Garrey Carruthers

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Garrey Carruthers
27th Governor of New Mexico
In office
January 1, 1987 – January 1, 1991
Lieutenant Mike Runnels
Preceded by Toney Anaya
Succeeded by Bruce King
Personal details
Born Garrey Edward Carruthers
(1939-08-29) August 29, 1939 (age 75)
Alamosa, Colorado, U.S.
Political party Republican
Profession Professor

Garrey Edward Carruthers (born August 29, 1939) is an American politician, academic and former Governor of New Mexico.

Carruthers currently serves as president of New Mexico State University. He previously served as special assistant to the U.S. Secretary of Agriculture from 1974 to 1975, director of the New Mexico Water Resources Research Institute at New Mexico State University, state chair of the Republican Party Of New Mexico from 1977 to 1979, assistant secretary of interior for land and resources from 1981 to 1984, the 27th Governor of New Mexico from 1987 to 1991, and was president and CEO of the Cimarron Health Plan from 1993 to 2003.[1]

Carruthers earned his bachelor's and master's degrees from New Mexico State University. He has a Ph.D. in economics from Iowa State University.

On June 6, 2008, Carruthers was elected to serve on the First State Bancorporation Board of Directors (NASDAQ:FSNM) according to a press release issued by the bank. Mr. Carruthers was appointed to serve on the Compensation and Nominating Committees of the Board. First State Bank is a New Mexico based bank holding company currently operating in New Mexico, Colorado, Utah and Arizona.[2]

Carruthers was elected Governor of New Mexico as a Republican in 1986, a major focal point in his race was reinstating the death penalty, resulting in outgoing Democratic Governor Toney Anaya commuting the sentences of all men on death row in protest.[3]

In 2003, Carruthers was named dean of NMSU's College of Business. While at the university, he has focused on entrepreneurship, leadership and ethics. He helped establish NMSU's economic development operation, the Arrowhead Center, and served as the university's vice president for economic development. Carruthers was instrumental in founding NMSU's Domenici Institute and continues to serve as its director.[4]

In 2013, Carruthers became a finalist to become president of New Mexico State University.[5]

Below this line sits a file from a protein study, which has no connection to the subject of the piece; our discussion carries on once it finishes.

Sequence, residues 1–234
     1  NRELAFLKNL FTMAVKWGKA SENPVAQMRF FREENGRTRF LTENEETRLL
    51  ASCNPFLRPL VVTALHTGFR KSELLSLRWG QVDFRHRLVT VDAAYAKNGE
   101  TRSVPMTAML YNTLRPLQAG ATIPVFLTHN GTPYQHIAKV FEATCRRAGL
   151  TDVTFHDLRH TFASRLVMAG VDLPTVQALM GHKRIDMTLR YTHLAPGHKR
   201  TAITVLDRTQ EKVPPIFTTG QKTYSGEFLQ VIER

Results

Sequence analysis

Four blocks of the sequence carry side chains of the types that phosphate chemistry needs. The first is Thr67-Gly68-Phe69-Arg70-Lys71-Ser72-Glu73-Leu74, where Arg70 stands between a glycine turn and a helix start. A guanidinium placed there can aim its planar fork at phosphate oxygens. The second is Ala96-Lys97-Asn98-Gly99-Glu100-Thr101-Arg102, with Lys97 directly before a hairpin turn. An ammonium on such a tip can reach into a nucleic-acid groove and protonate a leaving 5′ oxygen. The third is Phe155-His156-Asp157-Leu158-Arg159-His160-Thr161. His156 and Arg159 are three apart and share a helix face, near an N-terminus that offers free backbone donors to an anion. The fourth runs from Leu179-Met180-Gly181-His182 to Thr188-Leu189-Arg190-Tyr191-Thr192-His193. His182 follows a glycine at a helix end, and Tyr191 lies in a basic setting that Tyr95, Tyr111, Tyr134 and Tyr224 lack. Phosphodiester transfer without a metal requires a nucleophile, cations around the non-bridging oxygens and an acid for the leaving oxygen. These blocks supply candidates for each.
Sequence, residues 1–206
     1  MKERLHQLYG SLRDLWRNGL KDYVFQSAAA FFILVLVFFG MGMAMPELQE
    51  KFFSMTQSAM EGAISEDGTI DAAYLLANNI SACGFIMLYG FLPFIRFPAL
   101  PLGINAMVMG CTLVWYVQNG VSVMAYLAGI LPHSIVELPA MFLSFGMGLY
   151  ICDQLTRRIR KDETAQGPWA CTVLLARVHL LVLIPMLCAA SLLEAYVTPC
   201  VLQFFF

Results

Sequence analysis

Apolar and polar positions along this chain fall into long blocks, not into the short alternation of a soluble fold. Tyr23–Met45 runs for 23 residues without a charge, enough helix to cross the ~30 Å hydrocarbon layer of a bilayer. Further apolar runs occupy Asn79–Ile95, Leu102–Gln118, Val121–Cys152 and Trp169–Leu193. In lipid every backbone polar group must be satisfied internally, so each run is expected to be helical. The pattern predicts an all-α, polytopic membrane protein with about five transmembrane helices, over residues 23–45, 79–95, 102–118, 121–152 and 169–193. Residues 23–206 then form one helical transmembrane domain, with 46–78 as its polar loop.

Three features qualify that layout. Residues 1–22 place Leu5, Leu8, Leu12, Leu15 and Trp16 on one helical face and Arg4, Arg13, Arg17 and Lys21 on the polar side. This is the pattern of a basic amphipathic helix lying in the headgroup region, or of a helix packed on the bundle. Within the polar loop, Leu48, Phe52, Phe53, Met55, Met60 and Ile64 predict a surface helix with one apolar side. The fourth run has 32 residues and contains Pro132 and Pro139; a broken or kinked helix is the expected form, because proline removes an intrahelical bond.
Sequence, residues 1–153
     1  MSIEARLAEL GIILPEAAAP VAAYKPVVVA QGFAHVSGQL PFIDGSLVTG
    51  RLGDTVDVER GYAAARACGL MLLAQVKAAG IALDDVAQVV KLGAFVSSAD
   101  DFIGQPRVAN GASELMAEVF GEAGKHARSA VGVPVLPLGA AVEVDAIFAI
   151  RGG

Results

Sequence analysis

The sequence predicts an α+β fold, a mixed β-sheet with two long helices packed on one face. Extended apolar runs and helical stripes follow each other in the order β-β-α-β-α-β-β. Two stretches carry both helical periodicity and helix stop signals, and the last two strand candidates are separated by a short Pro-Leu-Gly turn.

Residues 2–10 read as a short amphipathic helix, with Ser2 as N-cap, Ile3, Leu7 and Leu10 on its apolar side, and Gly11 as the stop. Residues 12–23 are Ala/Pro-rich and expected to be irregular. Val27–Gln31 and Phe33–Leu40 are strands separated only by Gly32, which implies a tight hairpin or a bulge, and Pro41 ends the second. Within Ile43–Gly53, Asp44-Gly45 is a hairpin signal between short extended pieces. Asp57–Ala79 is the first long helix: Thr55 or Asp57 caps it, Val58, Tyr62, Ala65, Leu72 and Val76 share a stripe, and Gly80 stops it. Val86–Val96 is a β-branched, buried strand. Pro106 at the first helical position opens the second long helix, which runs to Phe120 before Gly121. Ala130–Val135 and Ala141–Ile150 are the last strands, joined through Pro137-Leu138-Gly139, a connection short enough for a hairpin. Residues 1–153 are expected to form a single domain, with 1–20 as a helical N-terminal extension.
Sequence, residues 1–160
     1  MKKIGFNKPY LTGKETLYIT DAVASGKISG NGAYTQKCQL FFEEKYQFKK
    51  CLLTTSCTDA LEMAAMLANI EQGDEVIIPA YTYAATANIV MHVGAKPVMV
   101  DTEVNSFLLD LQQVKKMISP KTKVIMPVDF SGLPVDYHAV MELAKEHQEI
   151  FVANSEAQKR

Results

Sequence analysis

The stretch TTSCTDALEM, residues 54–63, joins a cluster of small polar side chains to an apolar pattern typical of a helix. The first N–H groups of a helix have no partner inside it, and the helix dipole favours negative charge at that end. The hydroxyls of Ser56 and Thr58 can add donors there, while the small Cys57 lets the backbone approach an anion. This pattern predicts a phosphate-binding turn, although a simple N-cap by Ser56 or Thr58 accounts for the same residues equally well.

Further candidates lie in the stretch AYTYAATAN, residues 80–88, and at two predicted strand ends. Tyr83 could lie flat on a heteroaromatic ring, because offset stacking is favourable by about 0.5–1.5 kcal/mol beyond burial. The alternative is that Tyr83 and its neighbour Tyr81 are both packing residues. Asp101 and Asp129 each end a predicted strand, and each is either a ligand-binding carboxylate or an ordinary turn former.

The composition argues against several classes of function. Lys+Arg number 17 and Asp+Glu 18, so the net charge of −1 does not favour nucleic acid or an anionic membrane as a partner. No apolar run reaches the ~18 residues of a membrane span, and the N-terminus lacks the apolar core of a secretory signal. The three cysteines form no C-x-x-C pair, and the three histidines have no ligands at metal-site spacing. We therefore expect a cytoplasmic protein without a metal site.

Views on science[edit]

Questioned by faculty at an on-campus meeting on his candidacy to become NMSU president in 2013, Carruthers asserted that there was not a scientific consensus on climate change. He stated: "I don't know. I'm an economist. I don't do global warming. It's a scientific judgment that I can't make."[5]

In a letter, four state representatives said that science, particularly climate change, is an essential issue for NMSU. They raised concerns about Carruthers' involvement in TASSC, claiming "a clear history of industry involvement in staking out positions opposing now widely held beliefs regarding public health and the environment."[6]

In response, Carruthers expressed disagreement with the stance of The Advancement of Sound Science Coalition on the risks of second-hand smoke. "I'm four-square against second-hand smoke," Carruthers said in an interview with the Albuquerque Journal. "I don't think people should smoke, and second-hand smoke is detrimental to other people's health."[7]


  1. ^ National Governors Association Biography
  2. ^ SOURCE: First State Bank Press Release
  3. ^ "Death: Penalty Parting Shot". Time Magazine. 1986-12-08. 
  4. ^ "About the President". 
  5. ^ a b Rene Romo (2013-04-23). "Carruthers makes pitch for NMSU president seat". Albuquerque Journal. 
  6. ^ Lindsey Anderson (2013-05-02). "State reps rap Carruthers over tobacco, climate change views". Las Cruces Sun-News. 
  7. ^ Rene Romo (2013-05-02). "Carruthers led effort backed by tobacco firm". Albuquerque Journal. 
Political offices
Preceded by
Toney Anaya
Governor of New Mexico
Succeeded by
Bruce King
Academic offices
Preceded by
Barbara Couture
President of New Mexico State University
Succeeded by